Film Attempts to Document Armenia’s Influence on Europe


By Alin K. Gregorian

Mirror-Spectator Staff

WATERTOWN — A new film by history buff Arsen Hakobyan of Armenia intends to put into perspective Armenia’s influence on Europe, both in terms of export- ing Christianity, as well as exporting its church architecture and numerous saints.

The film, shot on location in Armenia as well as in Georgia and several European countries, gives as examples churches in Europe that were built heavily influenced by the Armenian church structure — most perfectly and earliest executed in Echmiazdin and Bagaran. Among those churches is San Satiro in Milan, the origi- nal structure of which was based on the seventh-century Bagaran church.

The DVD can be watched in Armenian, English, Russian or French.

The film also spends time on the report- ed travels by Renaissance genius Leonardo DaVinci in Cilicia, specifically around the Taurus Mountains. According to his Codex Atlanticus, housed in the Ambrosian Library in Milan, he spent some time in Cilicia in the 1480s, where he witnessed an earthquake in Erzinga. He had reportedly gone there at the behest of the Sacred Sultan of Egypt. He sketched many faces, as well as the topog- raphy of the region.

The filmmaker, Hakobyan, said that the film would be “for all the people who don’t know Armenia and Armenian history.” In particular, he said, Armenians sent many proselytizers to Europe to preach Christianity, some even long before the formal adoption of Christianity as the state religion in 301 AD.

For example, St. Minas or San Miniato in Italian, preached the new religion in Tuscany and was beheaded in Florence on October 25, 250 AD. As a result, a church was named for him, honoring him as the first Christian martyr of the city. The late saint is depicted in the fresco in the dome of the church, and referred to as “the king of Armenians.”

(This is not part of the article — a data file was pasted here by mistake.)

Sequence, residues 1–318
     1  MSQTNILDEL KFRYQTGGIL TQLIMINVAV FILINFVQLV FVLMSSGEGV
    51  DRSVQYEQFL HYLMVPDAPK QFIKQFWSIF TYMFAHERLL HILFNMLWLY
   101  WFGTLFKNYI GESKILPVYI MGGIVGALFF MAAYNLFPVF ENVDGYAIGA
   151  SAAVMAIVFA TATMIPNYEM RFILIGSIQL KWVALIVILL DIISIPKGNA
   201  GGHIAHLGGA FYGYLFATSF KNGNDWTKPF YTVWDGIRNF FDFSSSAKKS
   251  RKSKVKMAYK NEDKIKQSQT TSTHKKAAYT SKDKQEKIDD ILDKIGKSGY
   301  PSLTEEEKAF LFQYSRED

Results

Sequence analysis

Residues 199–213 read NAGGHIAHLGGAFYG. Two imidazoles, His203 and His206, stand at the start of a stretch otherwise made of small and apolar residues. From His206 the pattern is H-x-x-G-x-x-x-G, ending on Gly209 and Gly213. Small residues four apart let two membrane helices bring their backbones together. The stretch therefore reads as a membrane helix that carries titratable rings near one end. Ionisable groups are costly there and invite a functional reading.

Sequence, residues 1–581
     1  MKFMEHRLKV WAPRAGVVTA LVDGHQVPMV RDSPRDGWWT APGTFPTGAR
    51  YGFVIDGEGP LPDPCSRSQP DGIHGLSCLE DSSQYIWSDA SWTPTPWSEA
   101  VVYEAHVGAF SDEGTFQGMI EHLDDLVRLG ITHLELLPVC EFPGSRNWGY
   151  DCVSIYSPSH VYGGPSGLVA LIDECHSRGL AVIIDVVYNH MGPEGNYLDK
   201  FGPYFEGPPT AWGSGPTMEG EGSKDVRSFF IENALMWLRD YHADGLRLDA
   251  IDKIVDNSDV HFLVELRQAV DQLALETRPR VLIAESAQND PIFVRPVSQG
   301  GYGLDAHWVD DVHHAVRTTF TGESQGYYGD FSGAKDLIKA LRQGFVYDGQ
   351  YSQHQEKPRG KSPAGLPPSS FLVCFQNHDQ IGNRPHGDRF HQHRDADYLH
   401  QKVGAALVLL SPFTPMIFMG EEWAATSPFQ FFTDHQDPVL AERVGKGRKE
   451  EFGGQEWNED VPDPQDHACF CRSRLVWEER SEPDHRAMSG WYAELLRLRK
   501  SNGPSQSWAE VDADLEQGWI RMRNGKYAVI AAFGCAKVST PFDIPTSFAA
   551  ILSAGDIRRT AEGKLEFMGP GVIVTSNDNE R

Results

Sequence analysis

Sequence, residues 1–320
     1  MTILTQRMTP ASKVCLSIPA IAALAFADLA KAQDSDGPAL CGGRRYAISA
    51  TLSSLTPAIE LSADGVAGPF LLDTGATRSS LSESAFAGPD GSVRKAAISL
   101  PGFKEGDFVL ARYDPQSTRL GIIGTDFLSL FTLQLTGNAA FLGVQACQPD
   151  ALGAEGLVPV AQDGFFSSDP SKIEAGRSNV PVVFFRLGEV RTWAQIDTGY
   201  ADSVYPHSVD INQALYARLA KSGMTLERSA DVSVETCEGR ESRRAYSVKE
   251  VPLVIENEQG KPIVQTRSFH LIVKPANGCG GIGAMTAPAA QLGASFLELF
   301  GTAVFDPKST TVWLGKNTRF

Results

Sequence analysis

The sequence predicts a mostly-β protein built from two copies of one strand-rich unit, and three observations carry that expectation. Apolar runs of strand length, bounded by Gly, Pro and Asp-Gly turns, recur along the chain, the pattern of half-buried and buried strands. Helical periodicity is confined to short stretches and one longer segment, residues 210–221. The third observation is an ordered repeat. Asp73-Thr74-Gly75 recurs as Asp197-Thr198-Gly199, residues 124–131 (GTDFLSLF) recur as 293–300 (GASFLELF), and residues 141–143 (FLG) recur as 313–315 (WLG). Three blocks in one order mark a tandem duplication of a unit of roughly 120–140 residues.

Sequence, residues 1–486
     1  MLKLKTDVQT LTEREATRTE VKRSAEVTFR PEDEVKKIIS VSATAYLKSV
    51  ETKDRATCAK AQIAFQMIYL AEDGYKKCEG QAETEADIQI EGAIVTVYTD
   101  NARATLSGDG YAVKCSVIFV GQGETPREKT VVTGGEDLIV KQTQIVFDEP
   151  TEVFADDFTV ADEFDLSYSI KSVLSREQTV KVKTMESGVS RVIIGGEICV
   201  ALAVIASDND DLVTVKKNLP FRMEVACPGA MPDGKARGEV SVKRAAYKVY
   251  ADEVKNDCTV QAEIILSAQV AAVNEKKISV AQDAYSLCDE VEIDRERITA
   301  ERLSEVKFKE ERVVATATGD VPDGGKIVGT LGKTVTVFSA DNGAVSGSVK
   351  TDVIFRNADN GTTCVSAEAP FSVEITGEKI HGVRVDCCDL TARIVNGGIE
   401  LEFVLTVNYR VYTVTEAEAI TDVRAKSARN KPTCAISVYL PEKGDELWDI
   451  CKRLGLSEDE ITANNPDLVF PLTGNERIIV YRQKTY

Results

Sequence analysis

St. Minas was not alone; about 20 Armenians are counted among the saints in Italy.

The Ararat Mountains are referred to the home of Noah, and as such, its pres- ence on Armenian soil gave the country a certain religious cache, “an altar of Christianity,” according to the film.

The traditional structure of the Armenian Church, four equidistant wings with a square on top and a dome on top of the square, is visible in several European churches.

Another Armenian-style church is Germigny-des-Prés, built by Oton Matsaetsi, an Armenian architect in 806- 811, in Orleans, France.

There are plenty of Armenian saints venerated by Catholics in the rest of Europe. For example, St. Servatius, or San Servato, who according to two books from the Middle Ages was born in Armenia, is recognized in the Netherlands and Belgium. There is a church in his name in Brussels and in fact he is considered the patron saint of the city of Maastricht.

The film also refers to a couple of European peoples, including the Basques and Bavarians, as having Armenian roots. Currently, Hakobyan is working on a sequel, focusing further on the Armenian roots of some European nationalities.

“From Ararat to Europe” will be shown on Sunday, June 3, at 4 p.m. at the Ararat-Eskijian Museum in Mission Hills, Calif.

To purchase a copy of the film, write to Hakobyan at [email protected]